This TD did not break the Dolphins, the Dolphins broke the Dolphins

Phins Loss Not On Refs

The Miami Dolphins are two games out of the division and if the home losing continues they will be out of the playoff picture in a matter of a month.  The good news is if they keep winning on the road, maybe the squeak into the playoffs and play all their games on the road.

This isn’t about the playoffs though, this about yesterdays game.  While many will point the finger at the referees who blew a major game changing call at the end, the Dolphins did not lose because of the ref’s error.  They lost because of their coaching.

Last week I made a bold prediction that the Dolphins would win yesterdays game and even said it potentially could have been very lopsided in their favor.  While it was a little gutsy to make that prediction, the Dolphins players showed yesterday that they have the talent to back a statement like that up.  They unfortunately don’t have the coaching to back it up.

1st Quarter:

The Dolphins opened the game with a 6 point gift from the Steelers when they forced a turnover on the opening kick-off and then a Ben Roethlisberger fumble on the Steelers first drive.  They converted nothing.  Coming away simply with two field goals was all well and fine but the Dolphins used the deep infiltration of the Steelers side of the field to run scripted plays instead of immediately going for the throat.  Their first possession?  Ronnie Brown for one yard and two short passes, one of which to Ronnie Brown for no yards…both incomplete.

Series two?  Ricky Williams for no gain, Ricky Williams for 8 yards, Ricky Williams for no gain.

Did they not understand they were playing the Pittsburgh Steelers who have the number 1 rushing defense in the league?  I get it you want to try and run, make it a physical game, but not when you get the ball in the red-zone twice to start the game.  You put them on the coals and go for the throat.  You attack a 24th ranked defense by getting Davone Bess, Anthony Fasano, and Brandon Marshall involved.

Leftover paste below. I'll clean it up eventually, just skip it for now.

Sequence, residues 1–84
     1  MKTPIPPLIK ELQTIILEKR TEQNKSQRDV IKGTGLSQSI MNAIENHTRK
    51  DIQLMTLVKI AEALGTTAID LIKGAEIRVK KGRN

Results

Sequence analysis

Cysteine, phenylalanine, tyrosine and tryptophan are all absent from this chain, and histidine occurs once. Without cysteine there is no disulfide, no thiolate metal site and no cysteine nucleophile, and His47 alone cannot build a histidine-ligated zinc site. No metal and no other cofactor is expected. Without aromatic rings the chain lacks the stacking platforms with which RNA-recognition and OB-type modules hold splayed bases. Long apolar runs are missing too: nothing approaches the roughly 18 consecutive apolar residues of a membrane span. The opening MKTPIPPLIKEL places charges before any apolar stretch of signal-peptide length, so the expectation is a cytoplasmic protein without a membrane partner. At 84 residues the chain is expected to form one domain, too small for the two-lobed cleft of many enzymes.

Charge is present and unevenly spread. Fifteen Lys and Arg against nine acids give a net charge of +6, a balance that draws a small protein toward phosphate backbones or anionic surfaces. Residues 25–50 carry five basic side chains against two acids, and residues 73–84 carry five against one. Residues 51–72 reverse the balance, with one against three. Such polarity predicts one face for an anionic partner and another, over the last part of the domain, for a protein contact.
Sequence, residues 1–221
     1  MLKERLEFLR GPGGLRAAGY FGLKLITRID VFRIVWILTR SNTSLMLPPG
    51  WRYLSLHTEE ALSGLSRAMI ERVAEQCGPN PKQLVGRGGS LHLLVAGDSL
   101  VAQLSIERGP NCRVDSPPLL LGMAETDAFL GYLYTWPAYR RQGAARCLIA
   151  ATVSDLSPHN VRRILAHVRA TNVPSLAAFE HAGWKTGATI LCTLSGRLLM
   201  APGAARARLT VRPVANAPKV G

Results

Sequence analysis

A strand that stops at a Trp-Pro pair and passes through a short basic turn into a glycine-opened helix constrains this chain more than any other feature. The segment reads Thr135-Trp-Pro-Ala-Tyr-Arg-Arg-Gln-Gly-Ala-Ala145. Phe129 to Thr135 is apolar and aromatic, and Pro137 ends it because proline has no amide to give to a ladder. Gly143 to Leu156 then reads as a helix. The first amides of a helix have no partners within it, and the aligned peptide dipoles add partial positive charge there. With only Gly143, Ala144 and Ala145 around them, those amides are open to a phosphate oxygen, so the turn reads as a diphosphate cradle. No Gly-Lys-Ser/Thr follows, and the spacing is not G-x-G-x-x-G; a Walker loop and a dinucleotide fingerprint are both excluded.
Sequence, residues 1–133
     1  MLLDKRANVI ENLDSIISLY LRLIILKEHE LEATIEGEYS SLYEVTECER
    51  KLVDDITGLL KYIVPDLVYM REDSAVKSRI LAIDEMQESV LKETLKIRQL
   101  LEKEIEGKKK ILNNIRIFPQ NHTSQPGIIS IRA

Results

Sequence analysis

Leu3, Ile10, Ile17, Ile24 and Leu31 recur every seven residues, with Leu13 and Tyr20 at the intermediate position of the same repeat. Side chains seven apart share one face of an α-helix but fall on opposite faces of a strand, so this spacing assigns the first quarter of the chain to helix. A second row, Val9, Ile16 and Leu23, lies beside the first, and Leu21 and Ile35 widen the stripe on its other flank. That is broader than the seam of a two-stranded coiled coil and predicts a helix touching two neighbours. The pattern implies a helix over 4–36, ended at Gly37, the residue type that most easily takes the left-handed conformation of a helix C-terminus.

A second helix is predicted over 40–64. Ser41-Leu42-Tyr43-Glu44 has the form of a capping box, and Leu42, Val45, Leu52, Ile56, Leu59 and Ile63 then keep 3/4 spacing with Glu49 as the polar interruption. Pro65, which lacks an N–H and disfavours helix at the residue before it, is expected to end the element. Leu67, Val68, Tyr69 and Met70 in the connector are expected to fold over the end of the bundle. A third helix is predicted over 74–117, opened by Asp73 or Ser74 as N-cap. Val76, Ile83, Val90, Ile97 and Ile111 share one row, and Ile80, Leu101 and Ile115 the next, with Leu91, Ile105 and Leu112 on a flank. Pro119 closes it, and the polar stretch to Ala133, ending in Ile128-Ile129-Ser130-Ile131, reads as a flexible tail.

These two missteps cost the Phins what may have been another 8 points.  They repeated the issue later in the game as well when they had the ball first and goal from the 5.  Opened up with a one yard Ronnie Brown run before tossing two in-completions to Brandon Marshall.  Does Miami even have a short yardage passing game?  The fact is they should have used a better play selection on first down when you know the Steelers will be watching for the run.

Special teams:

The special teams looked great for the first 3 quarters but a major melt-down with the Dolphins clinging to a lead put the Steelers only 20 yards from field goal range.  Pinning the Steelers deep and making them drive the field would have put the Phins in better position to hold.  Instead, they started that final drive on their heels trying to keep Pitt from moving at all rather than moving a little.  It led to the controversial call that put the Steelers up for good.

The blown call:

I am not going to sit here and say the Phins lost on this call.  They didn’t win because of it but let’s remember, the Steelers had all of their timeouts and had the Phins recovered they still would have needed to pick up at least one first down to run the clock out and it was still on the other side of two minutes.  The issue with this call to me was the handling of it.